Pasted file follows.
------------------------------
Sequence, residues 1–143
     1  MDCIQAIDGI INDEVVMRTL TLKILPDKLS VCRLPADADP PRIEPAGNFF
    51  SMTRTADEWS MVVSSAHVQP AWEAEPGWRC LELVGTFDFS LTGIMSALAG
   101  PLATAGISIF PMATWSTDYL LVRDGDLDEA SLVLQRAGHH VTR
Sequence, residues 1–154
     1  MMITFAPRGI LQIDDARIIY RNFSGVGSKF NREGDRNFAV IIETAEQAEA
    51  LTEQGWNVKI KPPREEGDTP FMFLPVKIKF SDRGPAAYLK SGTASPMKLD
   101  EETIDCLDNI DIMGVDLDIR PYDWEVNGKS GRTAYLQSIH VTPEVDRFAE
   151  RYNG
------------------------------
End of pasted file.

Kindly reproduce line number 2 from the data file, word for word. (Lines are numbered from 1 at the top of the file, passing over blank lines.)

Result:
     1  MDCIQAIDGI INDEVVMRTL TLKILPDKLS VCRLPADADP PRIEPAGNFF